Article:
Happy Father Day:
Evelyn was waiting for me at 7 o’clock. Her door was ajar. “Look at this, Kate,” she called, proudly showing me Sammy’s new collar. She’d bought it on her recent holiday, a present to say sorry for leaving him behind. Although we had tried to reassure her that Sammy would be fine at the kennels she wasn’t convinced.
“It’ll be like a holiday for him too, Evelyn,” I had said cheerily.
“He’ll think I’ve abandoned him,” Evelyn replied sourly. “Are you sure you can’t take him – just for 5 days.”
I shook my head, refusing to allow the small flicker of guilt to ignite the flame that would consume me. Working full time and with 2 dogs already, it was out of the question. Besides, Sammy was incontinent and had cost us a lounge carpet the last time.
Now I smiled at her obvious pleasure in the collar. “Beautiful,” I said and Sammy wagged his tail in agreement.
Evelyn gave Sammy his usual instruction to guard the house. The spaniel looked dolefully at her – his head cocked to one side as though wondering how long she would be gone this time. “Won’t be long, Sammy,” she informed him before locking the front door.
In the car, Evelyn became very quiet. We were on our way to the cemetery. It had been a chance remark she had made the other day about it being Father’s Day on Sunday and how she missed her Dad, and the good times they had shared. “What happened?” I asked and waited expectantly for the sad tale. Instead she looked at me as though I was totally lacking any understanding. She simply said, “He died.”
That was it. Those two words were more explosive than a thousand. Her sorrow hung in the air between us. I couldn’t bear to break the sombre silence. Eventually Evelyn did. “I used to get him a card, but I can’t now.”
“Yes, you can,” I said. “Go buy him a card today and on Sunday I’ll take you to the cemetery and you can give it to him.”
“Would you do that, Kate?” she asked, the tears still filling her eyes.
“Of course,” I said, relieved that I could do something, anything to help. I’m like that, especially with Evelyn. It’s like there’s something in me that can’t bear to see any sadness in her. Evelyn isn’t made for sadness, but for laughter. It’s in the way she brightens up a room just by entering it. “Hello,” she bellows. “I’m here!” and then her absolute delight in meeting someone she knows. It could be someone she met yesterday, but is given the same delighted greeting as life-long friends. Evelyn and joy are rarely separated, and the world is a very uncomfortable place the few times that has happened.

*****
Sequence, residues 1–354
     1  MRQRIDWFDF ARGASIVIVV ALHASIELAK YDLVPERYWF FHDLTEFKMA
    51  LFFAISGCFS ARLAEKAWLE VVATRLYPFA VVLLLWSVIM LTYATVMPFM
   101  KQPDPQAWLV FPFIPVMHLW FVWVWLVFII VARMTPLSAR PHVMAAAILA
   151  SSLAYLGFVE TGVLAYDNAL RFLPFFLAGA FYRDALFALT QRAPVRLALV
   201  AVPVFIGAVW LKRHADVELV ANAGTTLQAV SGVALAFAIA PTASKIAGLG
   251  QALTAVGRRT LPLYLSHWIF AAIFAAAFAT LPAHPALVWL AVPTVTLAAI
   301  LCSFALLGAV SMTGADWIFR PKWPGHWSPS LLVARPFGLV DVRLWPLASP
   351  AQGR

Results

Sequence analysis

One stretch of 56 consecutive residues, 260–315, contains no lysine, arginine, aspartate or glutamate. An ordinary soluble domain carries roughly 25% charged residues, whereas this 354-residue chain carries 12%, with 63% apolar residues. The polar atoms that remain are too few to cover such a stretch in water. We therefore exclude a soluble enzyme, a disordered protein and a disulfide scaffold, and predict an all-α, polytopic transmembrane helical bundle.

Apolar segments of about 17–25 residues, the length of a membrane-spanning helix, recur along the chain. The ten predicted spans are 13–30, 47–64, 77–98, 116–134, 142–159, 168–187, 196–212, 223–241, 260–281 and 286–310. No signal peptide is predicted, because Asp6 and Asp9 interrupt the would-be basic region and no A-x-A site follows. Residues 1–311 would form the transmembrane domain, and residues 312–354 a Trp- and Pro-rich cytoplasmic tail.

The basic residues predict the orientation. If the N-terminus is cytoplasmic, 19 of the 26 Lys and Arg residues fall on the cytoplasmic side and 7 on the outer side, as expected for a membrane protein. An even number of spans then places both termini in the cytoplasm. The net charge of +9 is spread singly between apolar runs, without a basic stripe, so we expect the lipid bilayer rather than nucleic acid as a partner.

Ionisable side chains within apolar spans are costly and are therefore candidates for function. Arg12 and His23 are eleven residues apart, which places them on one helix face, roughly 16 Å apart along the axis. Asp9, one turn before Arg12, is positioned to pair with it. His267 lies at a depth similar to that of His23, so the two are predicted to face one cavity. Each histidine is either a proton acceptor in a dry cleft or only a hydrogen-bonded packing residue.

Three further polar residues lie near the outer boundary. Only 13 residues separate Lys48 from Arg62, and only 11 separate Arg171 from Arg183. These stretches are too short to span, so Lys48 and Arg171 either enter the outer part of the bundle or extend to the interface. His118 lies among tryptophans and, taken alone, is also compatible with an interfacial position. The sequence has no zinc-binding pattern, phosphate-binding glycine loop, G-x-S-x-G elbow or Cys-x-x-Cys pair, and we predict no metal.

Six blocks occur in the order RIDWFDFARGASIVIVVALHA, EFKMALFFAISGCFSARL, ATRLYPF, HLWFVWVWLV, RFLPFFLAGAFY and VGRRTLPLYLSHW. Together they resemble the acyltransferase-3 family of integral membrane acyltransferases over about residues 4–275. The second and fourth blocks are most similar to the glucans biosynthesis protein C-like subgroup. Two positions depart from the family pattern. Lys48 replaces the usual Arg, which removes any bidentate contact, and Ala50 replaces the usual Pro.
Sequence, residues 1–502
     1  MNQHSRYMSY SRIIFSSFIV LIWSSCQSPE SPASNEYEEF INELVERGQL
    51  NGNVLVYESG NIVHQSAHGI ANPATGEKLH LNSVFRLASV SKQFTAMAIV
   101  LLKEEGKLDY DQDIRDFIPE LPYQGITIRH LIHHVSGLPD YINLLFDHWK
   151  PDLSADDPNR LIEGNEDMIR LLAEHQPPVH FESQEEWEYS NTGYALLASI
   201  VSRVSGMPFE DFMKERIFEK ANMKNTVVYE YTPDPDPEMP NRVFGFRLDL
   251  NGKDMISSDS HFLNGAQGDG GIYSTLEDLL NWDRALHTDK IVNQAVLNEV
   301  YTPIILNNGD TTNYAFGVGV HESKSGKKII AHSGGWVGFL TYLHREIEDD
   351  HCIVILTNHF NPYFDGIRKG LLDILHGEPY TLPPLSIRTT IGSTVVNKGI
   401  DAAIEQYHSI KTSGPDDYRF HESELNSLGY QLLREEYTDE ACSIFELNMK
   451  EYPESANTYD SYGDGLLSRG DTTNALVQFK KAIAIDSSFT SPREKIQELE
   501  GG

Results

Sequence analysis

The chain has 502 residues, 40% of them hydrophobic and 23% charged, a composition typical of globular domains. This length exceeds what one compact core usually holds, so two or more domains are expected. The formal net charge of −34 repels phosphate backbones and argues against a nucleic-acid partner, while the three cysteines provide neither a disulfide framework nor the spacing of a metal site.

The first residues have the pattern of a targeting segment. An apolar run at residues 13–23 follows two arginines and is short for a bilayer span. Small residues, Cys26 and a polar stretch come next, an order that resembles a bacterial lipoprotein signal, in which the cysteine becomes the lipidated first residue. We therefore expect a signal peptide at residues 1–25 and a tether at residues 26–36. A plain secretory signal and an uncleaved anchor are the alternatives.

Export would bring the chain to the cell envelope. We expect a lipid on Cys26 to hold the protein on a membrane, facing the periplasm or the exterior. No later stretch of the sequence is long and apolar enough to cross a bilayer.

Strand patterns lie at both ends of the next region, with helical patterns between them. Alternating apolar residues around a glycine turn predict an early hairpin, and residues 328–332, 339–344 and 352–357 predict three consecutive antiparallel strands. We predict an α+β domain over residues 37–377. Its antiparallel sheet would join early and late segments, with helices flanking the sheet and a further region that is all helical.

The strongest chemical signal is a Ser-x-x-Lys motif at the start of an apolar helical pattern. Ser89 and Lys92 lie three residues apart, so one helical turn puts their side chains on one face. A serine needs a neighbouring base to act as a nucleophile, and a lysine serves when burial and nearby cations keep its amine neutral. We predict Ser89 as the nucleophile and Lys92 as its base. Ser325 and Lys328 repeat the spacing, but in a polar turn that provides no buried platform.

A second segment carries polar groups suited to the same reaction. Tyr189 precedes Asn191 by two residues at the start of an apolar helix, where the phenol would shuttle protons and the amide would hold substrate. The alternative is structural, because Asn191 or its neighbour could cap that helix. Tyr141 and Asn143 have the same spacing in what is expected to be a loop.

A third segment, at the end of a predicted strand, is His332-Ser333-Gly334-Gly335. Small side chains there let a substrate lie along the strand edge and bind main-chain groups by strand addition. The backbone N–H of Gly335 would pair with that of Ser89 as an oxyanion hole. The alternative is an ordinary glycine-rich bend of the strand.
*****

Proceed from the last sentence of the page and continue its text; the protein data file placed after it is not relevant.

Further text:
So there we were. Father’s Day and I was spinning the car out the Main Road and into the cemetery. Evelyn showed me the grave. It was her brother’s. Her father’s ashes had been scattered over it, and then a few years later, her mother’s. She held the card in place with a few white pebbles and used some more to weigh down a posy of silk flowers.
“I’ll leave you alone for a minute,” I said. She looked at me quizzically.
“So you can tell him Happy Father’s Day and thank him for being your Dad.” I explained.
I tried not to listen as I walked away, but it was difficult. Evelyn’s voice seemed to carry over the wind.
“I miss you Dad…”
It wasn’t that I was being kind to Evelyn out of any pious sense of duty. My reasons were more selfish, and simpler. Evelyn’s sadness did something to me; it wrenched my insides in some inexplicable way that I couldn’t stand. I HAD to do something to alleviate her pain.
Maybe it was chance, maybe just to put some distance between myself and Evelyn, I’m not sure, but I found myself heading towards another grave. My own father’s. I had been twelve when he died. A child, with a child’s understanding of life and death and fearful of the vast unprotected unknown that stretched out before me. Now, almost 40 years later, I stood by the grave of a man I never got the chance to know, and I wondered if I too should have brought a Father’s Day card. An image filled my mind of another Father’s Day, excitedly counting out my paper-round money to buy a card and a Commando book. In my neatest handwriting, written with love, and wrapped in joy. So long ago. The last Father’s Day. There have been none since. Maybe there should have been.
“Whose grave is that?” Evelyn had appeared beside me.
“That’s my Dad,” I whispered, then added, “Happy Father’s Day.”
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